Senior clergy compensation more than $80,000

Your results may vary, but according to the 2009 Compensation Handbook for Church Staff, annual compensation packages for senior clergy in the U.S. exceeds $80,000 the Christian Post reports:

Compensation packages, including benefits such as retirement, life insurance, health insurance and continuing education allowances, have increased to $81,113 per year for the average senior pastor.

According to the survey, churches that draw 101 to 300 people each week pay senior pastors $72,664 per year, including benefits. The pay increases to $88,502 for pastors at churches that average a weekly attendance of 301 to 500 people, and then to $102,623 when attendance averages 501 to 750 people.

Senior pastors, full-time secretaries and administrative assistants in the New England states have higher compensation compared to those in other regions, the survey also found.

Pay also differed among denominations. Pastors leading in Presbyterian and Lutheran churches earn the most with over $100,000 in compensation while executive and administrative pastors make more on average with independent and nondenominational churches ($80,469) than any other denomination.

Find out a bit more from this press release. An excerpt:

The comprehensive results and analysis for this year’s survey of 13 distinct church positions, ranging from senior pastor to church secretary, can be found in The 2009 Compensation Handbook for Church Staff. The complete analysis includes breakdowns based on church denomination, income budget, size, and geographical setting.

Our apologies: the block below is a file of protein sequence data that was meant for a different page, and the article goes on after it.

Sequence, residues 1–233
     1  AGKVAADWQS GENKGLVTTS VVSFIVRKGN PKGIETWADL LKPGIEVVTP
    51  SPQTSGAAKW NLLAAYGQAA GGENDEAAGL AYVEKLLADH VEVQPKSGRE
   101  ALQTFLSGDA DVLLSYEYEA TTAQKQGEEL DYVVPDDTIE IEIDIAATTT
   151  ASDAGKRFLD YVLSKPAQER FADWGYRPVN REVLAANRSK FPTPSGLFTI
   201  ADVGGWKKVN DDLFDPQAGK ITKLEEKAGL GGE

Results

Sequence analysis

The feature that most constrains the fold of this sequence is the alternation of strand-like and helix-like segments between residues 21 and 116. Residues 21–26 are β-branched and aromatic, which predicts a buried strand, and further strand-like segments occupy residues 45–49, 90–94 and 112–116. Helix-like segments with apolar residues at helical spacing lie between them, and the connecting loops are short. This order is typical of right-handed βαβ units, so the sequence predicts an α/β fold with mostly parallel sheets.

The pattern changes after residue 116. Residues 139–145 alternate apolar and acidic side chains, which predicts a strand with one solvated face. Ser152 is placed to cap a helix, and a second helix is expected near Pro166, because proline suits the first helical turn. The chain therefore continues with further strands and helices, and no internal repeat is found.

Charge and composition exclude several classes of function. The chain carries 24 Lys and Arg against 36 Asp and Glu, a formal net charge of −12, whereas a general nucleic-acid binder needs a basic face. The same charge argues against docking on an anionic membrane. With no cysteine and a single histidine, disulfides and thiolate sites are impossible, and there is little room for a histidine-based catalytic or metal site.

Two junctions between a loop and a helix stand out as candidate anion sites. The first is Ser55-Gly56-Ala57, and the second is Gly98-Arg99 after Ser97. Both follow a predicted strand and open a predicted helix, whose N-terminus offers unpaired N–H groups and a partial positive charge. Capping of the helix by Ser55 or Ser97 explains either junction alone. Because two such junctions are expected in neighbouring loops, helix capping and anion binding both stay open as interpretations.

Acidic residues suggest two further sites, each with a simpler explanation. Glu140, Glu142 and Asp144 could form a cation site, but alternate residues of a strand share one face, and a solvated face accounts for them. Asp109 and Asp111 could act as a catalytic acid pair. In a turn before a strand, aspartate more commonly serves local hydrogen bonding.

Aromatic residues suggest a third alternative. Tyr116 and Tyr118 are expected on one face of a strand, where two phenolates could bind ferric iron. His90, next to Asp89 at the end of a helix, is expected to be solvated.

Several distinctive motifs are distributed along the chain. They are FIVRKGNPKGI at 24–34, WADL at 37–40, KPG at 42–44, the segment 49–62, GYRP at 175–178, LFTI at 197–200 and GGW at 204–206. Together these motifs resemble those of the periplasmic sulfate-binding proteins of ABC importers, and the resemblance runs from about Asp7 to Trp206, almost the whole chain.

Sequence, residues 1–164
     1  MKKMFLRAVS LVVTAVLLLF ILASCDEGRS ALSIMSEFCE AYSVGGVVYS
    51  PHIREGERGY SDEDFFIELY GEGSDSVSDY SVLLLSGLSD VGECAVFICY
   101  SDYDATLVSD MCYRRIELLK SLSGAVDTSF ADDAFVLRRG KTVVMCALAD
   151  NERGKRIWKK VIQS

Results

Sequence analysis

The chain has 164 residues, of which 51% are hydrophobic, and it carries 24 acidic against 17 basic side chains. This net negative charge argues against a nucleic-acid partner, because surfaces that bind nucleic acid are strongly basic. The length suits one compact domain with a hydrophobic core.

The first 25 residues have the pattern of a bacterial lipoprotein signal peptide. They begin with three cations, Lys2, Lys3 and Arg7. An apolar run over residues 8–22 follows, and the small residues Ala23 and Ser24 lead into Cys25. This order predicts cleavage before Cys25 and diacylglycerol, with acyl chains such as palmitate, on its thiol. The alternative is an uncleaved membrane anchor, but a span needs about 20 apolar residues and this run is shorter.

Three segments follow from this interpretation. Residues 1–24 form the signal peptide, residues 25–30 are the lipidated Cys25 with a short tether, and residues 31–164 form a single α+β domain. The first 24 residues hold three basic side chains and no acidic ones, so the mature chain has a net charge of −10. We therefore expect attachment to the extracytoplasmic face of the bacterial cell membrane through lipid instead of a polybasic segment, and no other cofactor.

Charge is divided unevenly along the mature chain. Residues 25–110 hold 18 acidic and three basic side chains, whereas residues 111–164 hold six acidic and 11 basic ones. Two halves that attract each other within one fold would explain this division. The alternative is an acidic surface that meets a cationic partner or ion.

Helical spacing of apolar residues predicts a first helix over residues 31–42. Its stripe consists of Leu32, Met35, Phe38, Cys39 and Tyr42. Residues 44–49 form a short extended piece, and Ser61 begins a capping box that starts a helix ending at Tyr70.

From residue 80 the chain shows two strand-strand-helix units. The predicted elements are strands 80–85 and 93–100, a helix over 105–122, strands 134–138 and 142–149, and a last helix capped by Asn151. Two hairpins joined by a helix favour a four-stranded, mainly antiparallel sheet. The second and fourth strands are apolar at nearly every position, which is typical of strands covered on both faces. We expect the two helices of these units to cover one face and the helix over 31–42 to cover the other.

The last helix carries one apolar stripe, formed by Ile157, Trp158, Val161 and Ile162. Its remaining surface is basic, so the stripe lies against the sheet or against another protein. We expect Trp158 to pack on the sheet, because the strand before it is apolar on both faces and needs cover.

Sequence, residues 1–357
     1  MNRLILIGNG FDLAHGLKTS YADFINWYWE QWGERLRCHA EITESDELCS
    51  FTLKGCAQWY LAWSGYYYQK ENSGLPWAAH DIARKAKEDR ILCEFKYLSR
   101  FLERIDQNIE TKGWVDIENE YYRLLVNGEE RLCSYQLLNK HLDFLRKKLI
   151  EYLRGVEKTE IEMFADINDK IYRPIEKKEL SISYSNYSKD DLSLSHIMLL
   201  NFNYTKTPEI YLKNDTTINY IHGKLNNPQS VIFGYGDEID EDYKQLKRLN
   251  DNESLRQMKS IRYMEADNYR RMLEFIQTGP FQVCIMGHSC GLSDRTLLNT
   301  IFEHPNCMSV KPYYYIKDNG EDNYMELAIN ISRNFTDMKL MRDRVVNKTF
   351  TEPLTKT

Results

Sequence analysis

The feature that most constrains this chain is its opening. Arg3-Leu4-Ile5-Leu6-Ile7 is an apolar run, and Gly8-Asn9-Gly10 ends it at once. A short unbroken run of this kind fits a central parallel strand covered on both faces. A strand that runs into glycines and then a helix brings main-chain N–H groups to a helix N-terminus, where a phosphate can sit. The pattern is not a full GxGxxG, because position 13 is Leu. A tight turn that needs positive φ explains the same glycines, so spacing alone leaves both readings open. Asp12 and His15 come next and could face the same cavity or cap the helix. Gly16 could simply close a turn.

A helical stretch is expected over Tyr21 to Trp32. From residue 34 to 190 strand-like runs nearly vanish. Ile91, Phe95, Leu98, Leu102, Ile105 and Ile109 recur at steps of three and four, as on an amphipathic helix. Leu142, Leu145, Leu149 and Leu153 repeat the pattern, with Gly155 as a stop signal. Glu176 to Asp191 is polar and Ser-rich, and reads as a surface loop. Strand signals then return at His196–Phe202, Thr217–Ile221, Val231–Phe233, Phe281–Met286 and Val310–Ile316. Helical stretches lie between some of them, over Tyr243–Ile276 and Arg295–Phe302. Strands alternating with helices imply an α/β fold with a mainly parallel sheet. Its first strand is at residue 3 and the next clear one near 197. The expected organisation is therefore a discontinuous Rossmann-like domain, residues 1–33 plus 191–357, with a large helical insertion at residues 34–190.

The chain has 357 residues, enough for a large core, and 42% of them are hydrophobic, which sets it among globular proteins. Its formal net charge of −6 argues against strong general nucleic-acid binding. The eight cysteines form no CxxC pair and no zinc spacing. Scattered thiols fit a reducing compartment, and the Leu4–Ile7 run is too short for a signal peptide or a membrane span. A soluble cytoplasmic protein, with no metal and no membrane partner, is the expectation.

This release from 2007 is also interesting:

Although the overwhelming majority (93.7%) of solo-pastor respondents were male, female solo-pastors reported 10.4% higher total compensation.

According to survey results, the role of full-time solo pastor is one of two positions where females reported higher compensation than their male counterparts. The other position is Secretary/Administrative Assistant.

No word on whether those results remain true in the latest survey.

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Category : The Lead

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  1. tgflux

    If I showed this to my rector, I don’t know whether he’d laugh or cry…

    JC Fisher

  2. bill bonwitt

    “Clergy compensation” is one of the best examples of the apples and oranges problem.

    When you subtract health insurance and pension from $82,000 and consider the responsibility and the requirement for a Master’s degree — clergy still come out on the low end by comparison with other professions.

    Bill Bonwitt

  3. paigeb

    I agree with Bill Bonwitt. (Full disclosure: I’m not a priest but I date one.)

    In addition to considering the costs of health care and retirement, you also have to take into account the fact that clergy are considered self-employed, which means they end up paying their own employment taxes. (I’m self-employed, so I know how much this one can bite you…)

    My friend routinely works 60-hour weeks—and that doesn’t count the weddings, funerals, etc. that he is expected to do…even on his one day off per week. He is NEVER “off duty.”

    I’m all for openness and reporting of data–but data need to be put in some context. These numbers will just have people shaking their heads at how “worldly” the clergy are–when, in reality, ministers probably end up making little more than minimum wage if you count the number of hours they put in. I don’t know a single soul who went into the ministry because they saw it as a lucrative career path.

    Paige Baker

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